Pro: Lens Compatibility
The camera is compatible with both of Canon’s EF-S and EF lines of lenses. And the EF-S lenses are specifically designed for the ASP-C sensor formal whereas the EF series works with both full-frame and ASP-C sensors. This compatibility with two series of lenses means that there is an expansive list of lenses that can be paired with the T7i.
Pro: Battery Life
According to TomsGuide.com, the T7i’s battery life is rated at about 820 shots per charge when the flash and Live View mode are not actively used. And this amount is just above average when compared to other cameras in this price range.
The Nikon D5600 — which is one of the main rivals of the T7i — achieves a slightly higher rating at 970 shots per charge. So the T7i should be able to last a couple of days of moderate shooting without needing to be recharged.
Pro: Video Capabilities
The T7i is capable of recording at 1080p at 60 fps, which will fit the needs of most casual photographers. And the camera also has Canon’s Movie Electronic IS — which gives 5-axis stabilization when used in conjunction with a compatible lens. This ensures that your videos are stable and smooth.
HDR movies are possible with the T7i as well. This feature helps keep balance the exposure even in scenes with bright highlights and dark shadows. Plus the camera has a time-lapse mode which will automatically make a short video out of a long string of photos.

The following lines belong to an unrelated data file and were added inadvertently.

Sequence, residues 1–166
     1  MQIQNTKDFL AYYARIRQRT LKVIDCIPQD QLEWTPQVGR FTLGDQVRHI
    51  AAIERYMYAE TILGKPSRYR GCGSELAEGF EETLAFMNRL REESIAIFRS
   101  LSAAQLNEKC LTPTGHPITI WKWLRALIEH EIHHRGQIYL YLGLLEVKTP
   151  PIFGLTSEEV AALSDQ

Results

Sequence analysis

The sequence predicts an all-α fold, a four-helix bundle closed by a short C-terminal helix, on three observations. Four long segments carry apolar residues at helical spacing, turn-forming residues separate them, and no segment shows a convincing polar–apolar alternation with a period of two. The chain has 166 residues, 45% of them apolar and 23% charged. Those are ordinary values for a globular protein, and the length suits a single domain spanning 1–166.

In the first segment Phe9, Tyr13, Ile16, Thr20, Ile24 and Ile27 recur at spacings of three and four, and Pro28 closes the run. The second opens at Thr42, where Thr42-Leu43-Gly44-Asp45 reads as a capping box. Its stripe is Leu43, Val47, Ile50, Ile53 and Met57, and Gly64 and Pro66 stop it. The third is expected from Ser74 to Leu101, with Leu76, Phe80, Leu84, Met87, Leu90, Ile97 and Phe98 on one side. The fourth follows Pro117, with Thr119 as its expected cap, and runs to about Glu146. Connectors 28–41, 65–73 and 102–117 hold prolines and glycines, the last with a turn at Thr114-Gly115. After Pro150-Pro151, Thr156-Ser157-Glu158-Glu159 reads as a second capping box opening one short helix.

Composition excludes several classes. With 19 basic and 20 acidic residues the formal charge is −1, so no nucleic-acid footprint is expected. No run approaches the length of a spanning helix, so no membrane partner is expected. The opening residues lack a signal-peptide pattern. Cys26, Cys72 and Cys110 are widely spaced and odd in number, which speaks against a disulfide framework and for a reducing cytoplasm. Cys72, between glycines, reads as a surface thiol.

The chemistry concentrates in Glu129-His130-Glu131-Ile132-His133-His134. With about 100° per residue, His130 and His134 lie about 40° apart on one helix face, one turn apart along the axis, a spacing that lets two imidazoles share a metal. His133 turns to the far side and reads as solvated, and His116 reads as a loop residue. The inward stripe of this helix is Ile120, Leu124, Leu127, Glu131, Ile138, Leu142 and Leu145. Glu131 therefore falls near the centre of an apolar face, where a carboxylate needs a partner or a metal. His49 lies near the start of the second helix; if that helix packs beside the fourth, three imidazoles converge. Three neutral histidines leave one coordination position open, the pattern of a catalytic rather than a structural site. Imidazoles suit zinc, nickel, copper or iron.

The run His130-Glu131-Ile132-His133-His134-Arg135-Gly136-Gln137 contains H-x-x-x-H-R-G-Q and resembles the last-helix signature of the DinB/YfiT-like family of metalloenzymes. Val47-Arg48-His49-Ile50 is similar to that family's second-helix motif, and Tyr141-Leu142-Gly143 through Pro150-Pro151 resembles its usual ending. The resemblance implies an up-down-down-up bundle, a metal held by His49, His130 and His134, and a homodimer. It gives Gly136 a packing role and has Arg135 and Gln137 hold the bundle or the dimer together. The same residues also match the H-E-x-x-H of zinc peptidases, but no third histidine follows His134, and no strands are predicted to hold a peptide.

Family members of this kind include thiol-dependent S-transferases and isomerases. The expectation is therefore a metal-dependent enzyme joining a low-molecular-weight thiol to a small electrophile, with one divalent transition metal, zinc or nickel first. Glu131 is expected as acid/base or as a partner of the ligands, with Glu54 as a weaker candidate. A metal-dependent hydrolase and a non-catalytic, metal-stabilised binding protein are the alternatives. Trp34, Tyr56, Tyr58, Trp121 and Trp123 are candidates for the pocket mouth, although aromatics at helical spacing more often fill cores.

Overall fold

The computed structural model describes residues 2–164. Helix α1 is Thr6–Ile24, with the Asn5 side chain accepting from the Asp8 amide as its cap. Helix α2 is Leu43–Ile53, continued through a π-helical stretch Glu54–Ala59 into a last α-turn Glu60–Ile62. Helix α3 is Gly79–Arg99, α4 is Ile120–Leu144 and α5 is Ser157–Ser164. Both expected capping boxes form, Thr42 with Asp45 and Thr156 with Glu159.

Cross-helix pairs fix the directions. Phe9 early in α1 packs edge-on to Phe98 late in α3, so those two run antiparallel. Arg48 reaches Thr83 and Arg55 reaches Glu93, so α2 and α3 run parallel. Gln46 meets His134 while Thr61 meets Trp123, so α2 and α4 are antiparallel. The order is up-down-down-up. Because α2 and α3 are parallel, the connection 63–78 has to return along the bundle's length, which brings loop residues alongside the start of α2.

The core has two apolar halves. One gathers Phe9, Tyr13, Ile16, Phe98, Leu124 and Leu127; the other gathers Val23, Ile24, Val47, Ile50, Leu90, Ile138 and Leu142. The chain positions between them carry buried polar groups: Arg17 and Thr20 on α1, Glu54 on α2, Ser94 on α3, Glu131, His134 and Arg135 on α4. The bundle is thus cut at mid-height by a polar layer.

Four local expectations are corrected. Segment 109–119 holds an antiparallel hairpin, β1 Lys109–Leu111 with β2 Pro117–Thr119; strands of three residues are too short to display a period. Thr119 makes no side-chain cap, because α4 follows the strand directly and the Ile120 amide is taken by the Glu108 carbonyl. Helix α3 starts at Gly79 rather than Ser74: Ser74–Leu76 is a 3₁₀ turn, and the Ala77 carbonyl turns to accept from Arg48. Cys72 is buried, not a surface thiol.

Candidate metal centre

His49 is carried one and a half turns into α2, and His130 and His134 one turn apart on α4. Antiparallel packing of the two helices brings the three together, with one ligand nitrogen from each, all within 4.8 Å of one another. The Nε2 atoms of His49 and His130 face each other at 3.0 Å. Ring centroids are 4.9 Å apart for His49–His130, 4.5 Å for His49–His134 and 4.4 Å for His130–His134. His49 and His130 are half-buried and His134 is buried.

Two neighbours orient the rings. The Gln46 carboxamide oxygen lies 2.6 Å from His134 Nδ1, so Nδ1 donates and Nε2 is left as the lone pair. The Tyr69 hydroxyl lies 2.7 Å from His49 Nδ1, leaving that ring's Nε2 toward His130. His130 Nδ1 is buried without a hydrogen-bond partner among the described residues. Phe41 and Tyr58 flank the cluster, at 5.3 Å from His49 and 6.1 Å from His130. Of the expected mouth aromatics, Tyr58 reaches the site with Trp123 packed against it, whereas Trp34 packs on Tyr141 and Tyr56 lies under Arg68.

Cons: Rivals Have Slightly Better Image Quality
Compared to the Nikon D5600, the T7i seems to have slightly less image quality. But the difference is minimal. And what the T7i lacks in image quality and battery when compared to the D5600, it makes up for in autofocus and burst rate.
Con: No Internal GPSr
The camera does not feature a built-in GPSr. Some photographers consider this feature as necessary to geotag photos. To remedy this, Canon sells the GPS Receiver GP-E2 — which is connected via the hot shoe. Otherwise, you can manually geotag photos by recording coordinates from another device (i.e. smartphone, handheld GPSr, etc.) and tagging them in programs such as Lightroom.
The T7i’s MSRP (with the 18-55mm kit lens) was priced at about $899.00. However, you can find it for a lower price at several retailers like Amazon. This means that it is a bit pricier than other DSLRs with similar specs, but it’s nonetheless a very sturdy camera with ample features.
Pulse 2.0 Score
The Canon EOS Rebel T7i has received a Pulse 2.0 score of 4.5 out of 5. The score would have been higher if the camera possessed GPS technology, as well as improved image quality and battery life. Nevertheless, the T7i remains a solid, well-rounded entry-level DSLR. With its flexibility and many features, the T7i will grow with the user as their knowledge of photography expands, continuously enabling the user to explore.
Want To Buy The Rebel T7i? Here are some options: